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Is an ABM Strategy Right for Your B2B Manufacturing Company?

By Eric Dudley

As a digital marketer, you probably heard the term Account Based Marketing (ABM) at least once a week in 2017. The marketing approach started trending then and for good reason.

According to ITSMA, almost 85% of marketers who measure ROI describe account-based marketing as delivering higher returns than any other marketing approach.

As you’re gearing up for next year's planning and finalizing your marketing strategy, chances are you’ve had conversations about adding an ABM strategy to your organization’s current approach. But, with all the hype surrounding ABM strategy, how do you know if it’s actually a fit for your organization? Answer the four questions below to find out:

1) Do You Have a Predetermined List of Target Accounts & Prospects?

Identifying the best-fit accounts with the biggest revenue potential is the first step to building an ABM strategy for your B2B organization. Why? Because in an account-based marketing approach, your sales and marketing teams will be focusing on targeting highly specific accounts, with highly personalized interactions.

Through these personalized, one-to-one interactions, you ensure that your organization’s resources are allocated to the best possible prospects.

Maybe your organization has a list of dead opportunities you have been wanting to revive and nurture, or perhaps you have an idea of 30 companies in your region that are an ideal fit for your industry focus. Knowing the companies that you want to target who are a good fit for your business model is a crucial component to building a successful ABM strategy.

2) Is Your Data Accurate & Clean?

What does data have to do with a successful ABM strategy? In short: everything.

Most organizations have many different technology systems and departments that house their customer and prospect data. In order for your ABM strategy to be successful, that data needs to be accurate and up-to-date before you launch your first ABM campaign.

With the one-to-one effort your marketing and sales teams will be investing into your ABM program, you want to ensure that their time is spent nurturing the best contacts, not calling on bad leads. Your ABM strategy may include various forms of touchpoints such as whitepapers, eBooks, or paid media, but they all should feel personalized to the targeted individual and account. To practice this highly targeted and personalized marketing strategy, your data must be clean.

Data-driven ABM strategy ensures that your team has a 360-degree visibility of your target prospects and accounts to deliver the right messages, to the right targets, at the right time.

And with the right data upkeep, you can even monitor your target prospect’s activity from their first point of engagement until they sign on the dotted line.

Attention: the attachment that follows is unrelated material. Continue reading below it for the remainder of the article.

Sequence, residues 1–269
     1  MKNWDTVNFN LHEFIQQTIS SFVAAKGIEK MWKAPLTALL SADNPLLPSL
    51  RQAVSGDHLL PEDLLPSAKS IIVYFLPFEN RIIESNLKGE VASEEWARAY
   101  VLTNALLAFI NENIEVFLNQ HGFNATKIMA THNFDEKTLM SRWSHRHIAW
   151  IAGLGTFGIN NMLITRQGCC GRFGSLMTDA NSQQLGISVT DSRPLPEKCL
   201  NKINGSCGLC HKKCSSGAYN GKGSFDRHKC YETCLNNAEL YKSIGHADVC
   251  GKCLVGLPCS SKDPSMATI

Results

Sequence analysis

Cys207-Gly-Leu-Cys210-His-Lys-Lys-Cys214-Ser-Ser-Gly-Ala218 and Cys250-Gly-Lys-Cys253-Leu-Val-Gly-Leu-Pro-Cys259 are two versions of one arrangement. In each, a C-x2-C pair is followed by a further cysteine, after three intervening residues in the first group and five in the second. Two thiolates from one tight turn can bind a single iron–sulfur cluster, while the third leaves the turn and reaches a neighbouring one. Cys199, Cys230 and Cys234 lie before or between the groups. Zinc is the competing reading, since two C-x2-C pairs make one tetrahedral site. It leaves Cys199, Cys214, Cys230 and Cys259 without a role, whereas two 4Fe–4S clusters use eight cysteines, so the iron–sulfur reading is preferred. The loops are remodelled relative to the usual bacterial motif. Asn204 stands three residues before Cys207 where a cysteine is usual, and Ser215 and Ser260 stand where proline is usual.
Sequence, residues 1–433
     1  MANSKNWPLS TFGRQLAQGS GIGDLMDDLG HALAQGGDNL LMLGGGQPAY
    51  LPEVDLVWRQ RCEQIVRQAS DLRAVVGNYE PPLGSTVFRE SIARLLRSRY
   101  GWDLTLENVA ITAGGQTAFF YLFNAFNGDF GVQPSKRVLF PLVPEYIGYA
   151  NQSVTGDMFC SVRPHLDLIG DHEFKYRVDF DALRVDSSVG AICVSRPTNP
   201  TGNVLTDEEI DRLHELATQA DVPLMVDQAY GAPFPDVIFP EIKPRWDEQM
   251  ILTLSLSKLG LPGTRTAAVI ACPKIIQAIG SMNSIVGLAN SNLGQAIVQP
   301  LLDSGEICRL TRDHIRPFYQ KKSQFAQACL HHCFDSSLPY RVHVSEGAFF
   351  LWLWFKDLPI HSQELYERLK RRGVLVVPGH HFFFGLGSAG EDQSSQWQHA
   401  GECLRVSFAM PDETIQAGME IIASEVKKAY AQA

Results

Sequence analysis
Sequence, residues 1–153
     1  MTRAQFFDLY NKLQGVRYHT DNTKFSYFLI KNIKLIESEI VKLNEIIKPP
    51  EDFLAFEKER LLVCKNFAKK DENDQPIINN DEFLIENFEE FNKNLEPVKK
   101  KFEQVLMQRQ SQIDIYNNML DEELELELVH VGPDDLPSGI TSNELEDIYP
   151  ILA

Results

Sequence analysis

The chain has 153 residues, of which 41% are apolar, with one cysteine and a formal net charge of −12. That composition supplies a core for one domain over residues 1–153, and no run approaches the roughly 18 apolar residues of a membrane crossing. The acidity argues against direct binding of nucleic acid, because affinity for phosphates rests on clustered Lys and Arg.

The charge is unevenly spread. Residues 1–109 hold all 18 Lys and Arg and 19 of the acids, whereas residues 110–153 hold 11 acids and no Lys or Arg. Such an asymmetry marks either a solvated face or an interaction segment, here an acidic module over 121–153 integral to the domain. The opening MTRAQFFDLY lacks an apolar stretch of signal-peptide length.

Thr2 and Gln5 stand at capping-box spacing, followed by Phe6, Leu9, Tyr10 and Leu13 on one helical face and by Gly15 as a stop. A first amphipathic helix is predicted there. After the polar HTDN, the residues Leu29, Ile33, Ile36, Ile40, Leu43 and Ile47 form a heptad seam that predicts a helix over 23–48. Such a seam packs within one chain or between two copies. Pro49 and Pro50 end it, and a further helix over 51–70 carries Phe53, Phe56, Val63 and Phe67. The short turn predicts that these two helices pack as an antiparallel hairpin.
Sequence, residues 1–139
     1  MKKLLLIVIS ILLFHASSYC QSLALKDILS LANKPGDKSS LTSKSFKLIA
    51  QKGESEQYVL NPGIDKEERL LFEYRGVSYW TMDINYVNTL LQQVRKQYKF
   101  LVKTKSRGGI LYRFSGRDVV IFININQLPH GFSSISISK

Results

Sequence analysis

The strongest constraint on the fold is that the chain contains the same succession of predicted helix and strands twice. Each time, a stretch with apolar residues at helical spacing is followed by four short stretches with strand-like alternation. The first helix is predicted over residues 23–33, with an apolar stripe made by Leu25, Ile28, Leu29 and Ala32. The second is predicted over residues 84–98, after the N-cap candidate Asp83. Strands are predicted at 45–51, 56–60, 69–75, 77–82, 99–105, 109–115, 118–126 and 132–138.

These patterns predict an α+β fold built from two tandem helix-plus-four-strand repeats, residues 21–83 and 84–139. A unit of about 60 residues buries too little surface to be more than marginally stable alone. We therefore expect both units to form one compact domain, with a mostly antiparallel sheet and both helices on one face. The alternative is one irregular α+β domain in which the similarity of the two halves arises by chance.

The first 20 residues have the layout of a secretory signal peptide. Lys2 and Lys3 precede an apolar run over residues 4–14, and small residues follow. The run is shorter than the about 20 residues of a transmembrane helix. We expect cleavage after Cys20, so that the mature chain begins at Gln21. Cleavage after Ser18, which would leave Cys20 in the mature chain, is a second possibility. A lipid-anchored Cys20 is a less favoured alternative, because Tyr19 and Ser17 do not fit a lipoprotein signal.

3) Are Your Sales & Marketing Teams Aligned?

Without sales & marketing alignment, ABM success is unlikely. Your sales and marketing teams must work closely together to ensure they have the same view of the customer and are ultimately nurturing the same version of a prospect. With a coordinated sales and marketing department, the relationships you form with your top-tier prospects will be deeper, and the customer can receive relevant and right information about your organization throughout their buyer journey.

When you look at a ‘one-to-many’ marketing campaign, your sales team spends a bulk of their time qualifying every lead that comes through the pipeline. One of the benefits of implementing an ABM strategy, is that your leads are qualified at the beginning before they are even passed on to sales.

When an ABM program is done right, there is almost no chance that sales will touch an unqualified lead, because sales and marketing have been aligned from the get go, selecting target accounts together.

4) Does Your Technology Stack Support an ABM Strategy?

Having the right technology in place is not essential to launching an ABM strategy, but it can help ensure you’re set up for success.

With the level of involvement that goes into an ABM program, you can expect your sales and marketing teams to leverage and interact on multiple channels. CRM, marketing automation and account-based marketing software platforms can help keep your information organized and prevent data from being organized in silos, so your target prospects and accounts aren’t receiving duplicated touchpoints or content.

With your ABM campaign being your first chance to deliver your target accounts an exceptional customer experience, you’ll want every message, piece of content, workflow, and sequence to be mapped out and aligned with your sales and marketing team.

While sales may not be directly working in your marketing automation or account-based marketing platform, they should be trained on how to personalize messages and email communications that align with marketing’s content. They need to know how to push feedback, track metrics and successes, and record their progress in a way that gives insight into how the ABM program is performing. Without proper training on your CRM or ABM software tools, your setting your sales team up for failure.

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